I always tell people I lost my hearing last year, so they know it was recent. Only a deaf adult can understand what it’s like to be a hearing adult all your life, and then suddenly lose your hearing.

Morgan says that having a strong relationship was part of what got them through the early stages of Meniere’s Disease.

How did your hearing loss affect your day-to-day life?

I’ve always been outgoing, and one of the things I liked to do is go out on my own at night, I can make conversation with everyone from the bus driver to people at clubs. That changed. If you go to a pub or disco that’s not a lot of fun. My social life changed dramatically.

Deafness affected my relationship with my mum. She’s in Portugal, and we would speak once a week on the phone. My wife took over the weekly calls and would speak on the phone for twenty minutes but relay the message in five minutes and I’d say, “is that it?” I felt like I’d lost my mum.

I was also that friend you called at 3am for help: “My girlfriend just left me,” or “something happened and I need help”. People stopped relying on me, and that was hard.

How did you cope at work after you lost your hearing?

I was in a really good position at the time, my career was starting to launch. I had to step down from a promotion as I was finding meetings stressful. Some people at work didn’t take it well, and my manager was a bully.

By the time I got my cochlear implant I decided It was time to leave the company. On my last day, I told my manager everything I thought of him, how hurtful he had been and how he had bullied me. Then the guy just started crying, and I went: “No, you’ve no right to start crying, and now I feel I want to help you, so stop it.”

I think the fact that our relationship started with a friendship meant the foundations of our relationship were strong.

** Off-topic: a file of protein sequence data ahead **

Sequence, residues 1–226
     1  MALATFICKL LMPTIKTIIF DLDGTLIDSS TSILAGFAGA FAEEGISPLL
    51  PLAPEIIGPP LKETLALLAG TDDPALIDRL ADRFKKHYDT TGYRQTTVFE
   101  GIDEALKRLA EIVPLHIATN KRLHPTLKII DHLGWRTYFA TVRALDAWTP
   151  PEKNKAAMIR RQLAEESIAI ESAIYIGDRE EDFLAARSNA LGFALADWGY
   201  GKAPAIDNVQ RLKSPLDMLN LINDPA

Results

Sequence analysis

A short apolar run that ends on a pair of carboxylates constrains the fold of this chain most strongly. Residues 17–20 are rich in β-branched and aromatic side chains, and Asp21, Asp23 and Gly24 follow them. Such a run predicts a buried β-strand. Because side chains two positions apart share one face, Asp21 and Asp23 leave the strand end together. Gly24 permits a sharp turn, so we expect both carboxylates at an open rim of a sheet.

How did you and Maria keep your relationship together during the difficult times?

I’m not a pessimist, but I always plan for the worst. One of the things I found during my research into Meniere’s Disease and hearing loss, was that there was a high possibility of me becoming completely deaf. And that was the time, I sat Maria down and said, we need to prepare ourselves. We learned British Sign Language, and she was much better than I was, she was always correcting me and teaching me.

It’s about love, but a lot about friendship and companionship. I think the fact that our relationship started with a friendship meant the foundations of our relationship were strong.

“There were dark periods, when you feel you’ve hit rock bottom. It’s a lot better after the implant.”

What was it like to receive the Cochlear implant?

I went into it with low expectations. After it’s inserted, you wait a month to switch it on. The first thing I heard was beeping, and then I was able to understand the audiologist and my wife. I just burst into tears.

It’s not perfect. I can’t enjoy music because I don’t hear frequencies and pitch the same way. I really miss music. I remember being two years old jumping on my mum’s couch, dancing to music. I learned my first English words from Queen and David Bowie. My first job was as a radio presenter, music was my first love. I do not know what Adele sounds like. I see a poster for Florence and the Machine’s album and I go [she clutches her chest], because I loved them and I’ll never hear that new album.

I really miss music. I learned my first English words from Queen and David Bowie.

How has your experience changed you?

Helen Keller said blindness makes you lose contact with things, but deafness makes you lose contact with people. I’m a people person, and what hurt me the most was that I wasn’t able to connect with people. It was hard to keep positive, there were dark periods, when you feel you’ve hit rock bottom. It’s a lot better after the implant, now I can communicate, but it was a big change from being an open, cheerful person to someone very closed.

I’ve had to make changes – and the way to change was I needed to do new things. I have a short attention span, I always need to be doing something, or I become this annoying person. But I’m getting there.

Morgan volunteers as a HearPeers mentor, helping others affected by hearing loss and considering an implant. If you are affected by hearing loss and want to learn more about Morgan’s journey and the HearPeers Mentor Programme visit www.hearpeers.uk.